Re: Essay about errancy

From: George Murphy <>
Date: Tue Feb 03 2004 - 18:02:56 EST

Gough, Joshua wrote:
> I guess my issue with this boils down to: physically, did many dead
> people come alive and walk around Jerusalem or did they not? It's either
> historically accurate or it is not. Just the same, either Jesus came
> back from the dead physically and literally, or he did not. Ravi
> Zacharias is right: It's either/or, not both/and.
> Does anyone know of any historical documentation about this incredible
> event? If not, I am left wondering why anything in these accounts should
> be taken as a physical fact, such as the resurrection of one man, if the
> resurrection of many men is not literal and physical.
> I find all this arguing about the purpose and interpretation of
> scripture interesting, but ultimately unproductive to the investigative
> question of: what evidence have historians found to corroborate the
> resurrection of many saints seen by many in Jerusalem? Furthermore, what
> is there to differentiate the miraculous accounts of Matthew and other
> gospels from miraculous tales found in other ancient literature?..........................
        There is a massive difference between the texts dealing with the resurrection of
Jesus and Mt.27:51-53. The resurrection of the crucified Jesus is clearly the
foundation & centerpiece of all of early Christianity. All the major NT writings assert
it & speak in various ways (some more figurative than others) of its significance. If
you remove all references & allusions to, & implications drawn from, the
cross and resurrection of Jesus, there's not much left of the NT.
        While the details about the finding of the empty tomb & the appearances of the
risen Christ do have many differences of detail, one can make a quite convincing case,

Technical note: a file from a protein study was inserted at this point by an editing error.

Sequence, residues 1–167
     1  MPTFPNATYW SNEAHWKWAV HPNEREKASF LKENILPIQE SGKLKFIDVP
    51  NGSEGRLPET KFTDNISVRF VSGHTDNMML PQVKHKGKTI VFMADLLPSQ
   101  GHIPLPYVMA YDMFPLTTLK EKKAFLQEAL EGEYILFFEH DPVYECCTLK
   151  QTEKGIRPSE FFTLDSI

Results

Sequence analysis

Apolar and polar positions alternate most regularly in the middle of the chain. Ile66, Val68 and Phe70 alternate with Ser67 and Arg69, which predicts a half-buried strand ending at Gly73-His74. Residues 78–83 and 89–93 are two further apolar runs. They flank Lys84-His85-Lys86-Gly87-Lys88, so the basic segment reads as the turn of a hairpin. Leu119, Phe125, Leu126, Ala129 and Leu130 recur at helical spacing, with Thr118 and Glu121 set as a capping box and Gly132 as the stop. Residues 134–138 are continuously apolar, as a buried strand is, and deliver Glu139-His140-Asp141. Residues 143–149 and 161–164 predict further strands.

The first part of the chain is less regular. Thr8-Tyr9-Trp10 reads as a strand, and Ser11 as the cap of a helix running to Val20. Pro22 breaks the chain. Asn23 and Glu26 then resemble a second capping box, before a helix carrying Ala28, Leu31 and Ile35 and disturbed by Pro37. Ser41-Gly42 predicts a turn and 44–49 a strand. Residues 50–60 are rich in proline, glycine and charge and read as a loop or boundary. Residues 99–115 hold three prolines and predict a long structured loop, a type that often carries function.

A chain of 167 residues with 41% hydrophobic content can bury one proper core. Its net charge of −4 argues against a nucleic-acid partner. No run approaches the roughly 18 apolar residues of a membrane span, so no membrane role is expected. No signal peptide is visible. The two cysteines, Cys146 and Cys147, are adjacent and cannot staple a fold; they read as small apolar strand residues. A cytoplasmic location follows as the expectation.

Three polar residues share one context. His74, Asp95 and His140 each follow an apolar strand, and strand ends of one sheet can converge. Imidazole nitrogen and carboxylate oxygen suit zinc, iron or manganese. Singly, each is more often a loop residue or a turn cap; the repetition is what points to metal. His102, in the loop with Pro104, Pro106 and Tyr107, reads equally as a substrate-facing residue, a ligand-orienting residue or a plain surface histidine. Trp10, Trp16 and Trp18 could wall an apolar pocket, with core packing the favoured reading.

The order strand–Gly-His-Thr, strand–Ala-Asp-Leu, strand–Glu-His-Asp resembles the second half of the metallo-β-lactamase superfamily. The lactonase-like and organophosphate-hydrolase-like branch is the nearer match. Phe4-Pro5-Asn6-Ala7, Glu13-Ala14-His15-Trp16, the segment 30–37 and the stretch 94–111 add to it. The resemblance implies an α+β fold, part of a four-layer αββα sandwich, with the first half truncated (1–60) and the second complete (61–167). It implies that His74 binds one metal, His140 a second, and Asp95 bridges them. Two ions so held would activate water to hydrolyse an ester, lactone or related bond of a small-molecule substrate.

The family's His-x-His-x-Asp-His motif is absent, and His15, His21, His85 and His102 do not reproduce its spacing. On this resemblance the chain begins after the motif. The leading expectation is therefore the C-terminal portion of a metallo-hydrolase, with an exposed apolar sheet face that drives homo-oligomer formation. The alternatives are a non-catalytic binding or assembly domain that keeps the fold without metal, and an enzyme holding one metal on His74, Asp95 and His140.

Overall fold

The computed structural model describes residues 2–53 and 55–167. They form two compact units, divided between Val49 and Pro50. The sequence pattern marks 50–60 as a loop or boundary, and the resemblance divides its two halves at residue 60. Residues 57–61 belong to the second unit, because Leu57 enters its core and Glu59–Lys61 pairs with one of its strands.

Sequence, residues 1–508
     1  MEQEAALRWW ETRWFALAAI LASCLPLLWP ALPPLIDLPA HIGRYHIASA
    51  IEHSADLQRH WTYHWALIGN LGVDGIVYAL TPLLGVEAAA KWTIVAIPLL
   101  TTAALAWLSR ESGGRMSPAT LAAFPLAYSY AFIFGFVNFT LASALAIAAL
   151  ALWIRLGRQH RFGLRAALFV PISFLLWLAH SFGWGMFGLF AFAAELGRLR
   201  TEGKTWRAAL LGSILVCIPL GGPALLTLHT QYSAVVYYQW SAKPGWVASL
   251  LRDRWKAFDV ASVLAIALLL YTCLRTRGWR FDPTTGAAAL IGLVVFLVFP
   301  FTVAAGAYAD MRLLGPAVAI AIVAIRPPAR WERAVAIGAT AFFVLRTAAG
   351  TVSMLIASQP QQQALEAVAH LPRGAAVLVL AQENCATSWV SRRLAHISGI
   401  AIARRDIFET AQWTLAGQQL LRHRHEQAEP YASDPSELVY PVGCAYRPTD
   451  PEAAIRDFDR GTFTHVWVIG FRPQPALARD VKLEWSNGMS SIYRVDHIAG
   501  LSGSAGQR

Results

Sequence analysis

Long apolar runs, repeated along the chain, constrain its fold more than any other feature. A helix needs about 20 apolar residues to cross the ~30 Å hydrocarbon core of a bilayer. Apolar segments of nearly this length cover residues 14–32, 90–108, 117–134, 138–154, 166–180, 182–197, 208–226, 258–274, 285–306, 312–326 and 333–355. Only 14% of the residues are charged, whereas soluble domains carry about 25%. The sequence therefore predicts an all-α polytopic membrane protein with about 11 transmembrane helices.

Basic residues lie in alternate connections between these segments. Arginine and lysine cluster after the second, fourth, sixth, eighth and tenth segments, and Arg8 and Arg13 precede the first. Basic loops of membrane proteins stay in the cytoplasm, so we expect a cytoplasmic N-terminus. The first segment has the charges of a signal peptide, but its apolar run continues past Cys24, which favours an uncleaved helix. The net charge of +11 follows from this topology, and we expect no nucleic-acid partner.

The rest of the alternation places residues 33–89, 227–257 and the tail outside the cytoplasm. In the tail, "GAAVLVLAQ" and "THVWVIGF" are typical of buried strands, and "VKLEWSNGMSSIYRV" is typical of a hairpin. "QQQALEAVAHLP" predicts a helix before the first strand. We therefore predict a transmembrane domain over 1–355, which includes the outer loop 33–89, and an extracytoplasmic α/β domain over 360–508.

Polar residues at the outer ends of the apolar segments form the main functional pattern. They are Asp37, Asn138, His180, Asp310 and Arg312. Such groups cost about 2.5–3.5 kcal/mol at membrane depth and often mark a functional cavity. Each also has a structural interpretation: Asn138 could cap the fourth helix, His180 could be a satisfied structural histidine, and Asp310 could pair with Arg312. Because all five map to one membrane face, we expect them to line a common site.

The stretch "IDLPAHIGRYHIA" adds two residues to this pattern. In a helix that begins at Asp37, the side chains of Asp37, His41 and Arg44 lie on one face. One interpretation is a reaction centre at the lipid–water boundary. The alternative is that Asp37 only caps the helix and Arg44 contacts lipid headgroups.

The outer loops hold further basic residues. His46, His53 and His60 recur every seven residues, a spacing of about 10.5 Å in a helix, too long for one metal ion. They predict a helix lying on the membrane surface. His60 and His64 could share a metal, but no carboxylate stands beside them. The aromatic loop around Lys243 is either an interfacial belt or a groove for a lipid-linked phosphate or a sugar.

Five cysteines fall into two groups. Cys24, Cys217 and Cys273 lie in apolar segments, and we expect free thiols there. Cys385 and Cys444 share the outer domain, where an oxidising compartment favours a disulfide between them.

based on the literary & historical evidence, that Jesus' tomb was found empty & that he
appeared to people. If you want to look at this in detail, the best up to date
treatment is undoubtedly N.T. Wright, _The Resurrection of the Son of God_ (Fortress,
2003). It is a tremendously detailed treatment - 738 pp + bibliography & index. Wright
not only evaluates the evidence but studies in some detail the ideas that people of the
time had about life after death & what they would have meant by the resurrection. He
concludes that what they meant is indeed bodily resurrection - which does not mean
simply resuscitation. (Thus one needs to be careful tlking about Jesus "coming back
from the dead.)
        Another good treatment, not nearly as detailed but with reflections on the
significance of the resurrection for modern theology, is Gerald O'Collins, _Jesus Risen_
(Paulist, 1987).

        In contrast, the story of the OT saints coming out of the tombs is found only in
Mt. Taking place at the same time as the central event of the passion story, it seems
to serve as a symbolic statement that death is overcome by the death of Christ. For a
treatment of Mt's "special phenomena" at the death of Jesus see Raymond E. Brown, _The
Death of the Messiah_ (Doubleday, 1993), Vol.2, pp.1118-1140 & D.C. Allison, _The End of
the Ages has Come_ (Fortress, 1985), pp.40-50.

        Now you ask whether the empty tomb - i.e., the bodily resurrection of Jesus - of
any importance? If Jesus did not rise "the same though changed," if what happened was -
as some suggest - simply the "Easter faith" of the disciples - then in fact death
_hasn't_ been defeated. In that case all the symbolism, including the symbol of the
empty tomb itself, is a symbol of nothing. Because we don't have immaterial souls that
go off to heaven when we die. We are body-soul-spirit-mind unities, and if there is not
 any resurrection of the body then when you're dead you're dead, period. Of course this
by no means proves that Jesus _did_ rise from the dead, but let's not waste our time
pretending that there is some kind of Easter hope or faith if he didn't.
        I'm always amazed at the supposedly modern people who claim to be eager to
brings Christianity into accord with modern science, with its intense concentration on
the importance of matter, but then think that they have some Christianity worth talking
about without a resurrection that confers lasting value on matter (e.g., Spong).
George L. Murphy
Received on Tue Feb 3 18:06:02 2004

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